A new survey by the Pew Research Center shows that young Jews do not consider religion as a key component of what it means to be Jewish. This trend, connected to a wider secularism among the youth, provides an opportunity for preaching the Gospel, according to some Messianic Jewish scholars.
Russ Resnik, executive director of the Union of Messianic Jewish Congregations (UMJC), called the decreasing emphasis on religion among Jewish Millennials "both a real problem and an opportunity," in an interview with The Christian Post on Tuesday. Resnik explained "it's a problem that our country is becoming increasingly secular," but he insisted that, as a result, "a lot of people are growing up without a lot of religious boundaries that historically kept Jews from thinking about Jesus as the Messiah."
According to the Pew study, 73 percent of Jews between 18 and 29 said a person can be Jewish if they do not believe in God. Sixty-six percent of the same group said being Jewish is mainly a matter of ancestry or culture, as opposed to religion. Only 13 percent said religion was more important. Thirty-two percent of them identify as Jewish but have no religion.
"The Millennials do not associate religion as a key component of what it means to be Jewish," Messianic Jew Richard Harvey, visiting lecturer on the Hebrew Bible at All Nations Christian College in the United Kingdom, told CP in an email statement. "This shows dissatisfaction with Judaism as a religion, but like other U.S. Millennials, dissatisfaction with religious institutions in general," Harvey added.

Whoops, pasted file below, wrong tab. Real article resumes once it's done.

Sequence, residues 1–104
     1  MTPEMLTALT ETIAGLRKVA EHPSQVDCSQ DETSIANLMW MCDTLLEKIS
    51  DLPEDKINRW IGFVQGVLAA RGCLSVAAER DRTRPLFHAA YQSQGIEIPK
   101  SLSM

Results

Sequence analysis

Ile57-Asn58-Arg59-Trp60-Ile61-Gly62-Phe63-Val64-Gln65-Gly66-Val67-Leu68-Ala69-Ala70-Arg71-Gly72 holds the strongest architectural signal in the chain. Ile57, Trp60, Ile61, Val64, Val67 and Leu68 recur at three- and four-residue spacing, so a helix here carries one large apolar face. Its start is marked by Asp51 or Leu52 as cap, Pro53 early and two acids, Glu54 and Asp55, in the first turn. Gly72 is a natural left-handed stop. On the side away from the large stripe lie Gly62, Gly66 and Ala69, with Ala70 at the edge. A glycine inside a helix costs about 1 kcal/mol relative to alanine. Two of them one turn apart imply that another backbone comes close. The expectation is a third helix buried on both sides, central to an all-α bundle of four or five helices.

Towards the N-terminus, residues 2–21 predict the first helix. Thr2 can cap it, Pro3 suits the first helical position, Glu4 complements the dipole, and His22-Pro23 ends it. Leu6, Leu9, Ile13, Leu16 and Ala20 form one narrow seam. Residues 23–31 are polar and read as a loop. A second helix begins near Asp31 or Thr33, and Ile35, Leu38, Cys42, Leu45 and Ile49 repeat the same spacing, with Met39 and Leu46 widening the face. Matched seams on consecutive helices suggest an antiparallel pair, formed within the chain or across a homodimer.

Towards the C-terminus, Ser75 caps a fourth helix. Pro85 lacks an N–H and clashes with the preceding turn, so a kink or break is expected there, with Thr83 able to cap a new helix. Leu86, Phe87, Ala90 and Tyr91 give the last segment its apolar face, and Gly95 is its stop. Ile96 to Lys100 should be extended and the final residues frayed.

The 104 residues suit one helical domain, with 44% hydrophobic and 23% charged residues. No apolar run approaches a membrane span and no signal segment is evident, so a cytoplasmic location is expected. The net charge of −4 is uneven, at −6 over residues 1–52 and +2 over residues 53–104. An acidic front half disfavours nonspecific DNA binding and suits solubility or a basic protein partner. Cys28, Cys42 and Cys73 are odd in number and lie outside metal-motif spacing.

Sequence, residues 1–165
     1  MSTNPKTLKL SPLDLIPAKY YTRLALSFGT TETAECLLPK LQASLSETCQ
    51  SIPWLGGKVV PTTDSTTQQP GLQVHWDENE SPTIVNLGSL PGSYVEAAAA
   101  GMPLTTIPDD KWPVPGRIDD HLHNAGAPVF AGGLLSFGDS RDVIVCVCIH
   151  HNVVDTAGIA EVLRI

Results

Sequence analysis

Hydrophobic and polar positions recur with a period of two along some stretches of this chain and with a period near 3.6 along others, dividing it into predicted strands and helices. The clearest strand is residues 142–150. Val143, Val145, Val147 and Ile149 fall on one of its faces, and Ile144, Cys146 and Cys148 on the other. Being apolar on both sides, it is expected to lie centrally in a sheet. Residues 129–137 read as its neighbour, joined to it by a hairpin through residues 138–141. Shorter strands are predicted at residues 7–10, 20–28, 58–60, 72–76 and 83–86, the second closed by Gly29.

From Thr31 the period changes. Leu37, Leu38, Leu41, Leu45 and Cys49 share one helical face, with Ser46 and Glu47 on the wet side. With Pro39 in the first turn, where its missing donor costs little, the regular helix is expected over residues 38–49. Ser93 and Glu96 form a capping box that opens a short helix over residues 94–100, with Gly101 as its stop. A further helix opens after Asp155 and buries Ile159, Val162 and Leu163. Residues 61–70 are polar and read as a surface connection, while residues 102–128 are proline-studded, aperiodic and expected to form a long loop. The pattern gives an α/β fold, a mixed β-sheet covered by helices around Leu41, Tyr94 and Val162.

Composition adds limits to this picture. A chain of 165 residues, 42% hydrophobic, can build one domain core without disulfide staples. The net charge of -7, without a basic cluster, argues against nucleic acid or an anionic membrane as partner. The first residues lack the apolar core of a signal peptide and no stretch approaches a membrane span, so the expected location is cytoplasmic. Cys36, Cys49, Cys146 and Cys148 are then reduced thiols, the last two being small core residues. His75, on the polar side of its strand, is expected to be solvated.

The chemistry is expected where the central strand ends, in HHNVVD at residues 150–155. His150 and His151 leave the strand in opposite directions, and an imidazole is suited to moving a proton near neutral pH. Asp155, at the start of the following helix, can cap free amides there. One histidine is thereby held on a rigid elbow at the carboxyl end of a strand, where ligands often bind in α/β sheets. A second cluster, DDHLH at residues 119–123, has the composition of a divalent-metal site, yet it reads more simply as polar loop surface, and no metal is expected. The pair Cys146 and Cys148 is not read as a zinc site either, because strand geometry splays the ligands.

Harvey also said this secularism is an opportunity for Christian outreach. While Jewish Millennials might be abandoning the Synagogue, "they are hungry for belonging, community, identity and purpose,…something we as believers in Yeshua (Jesus) should be modeling in a way that is infectious and engaging, rather than being irrelevant and out of date."
"For Messianic Jews, the challenge to become more visible, and more relevant to those who are not looking for 'religion' so much as identity and purpose needs to be taken seriously," Harvey wrote. He also encourages all Christians to use language more relevant to the Millennial generation.
Kirk Glebe, president of the UMJC, agreed that Christian language is causing a barrier to an effective presentation of the Gospel. "Most people in the Christian circles in America speak in a language most people don't understand," Glebe explained. What young secular people need, he argued, is for Christians to be "simple and clear about theological points."
"The person of Yeshua is very compelling and attractive, even to Jewish people and secular people," Resnik argued. "It's the religiosity around the person of Yeshua which turns people off."
Both Glebe and Resnik attacked the mainstream media presentations of Jesus as being inaccurate. Referring to the History Channel's series The Bible, Bill O'Reilly's new book Killing Jesus, and Reza Aslan's controversial book Zealot, Glebe argued that "they give their own slants," which hide the true character of Christ.
"The best thing you can do is give a Jewish person a portion of the New Testament," Glebe said. The Gospel narrative presents the person of Jesus better than any new media sensation or theological argument could.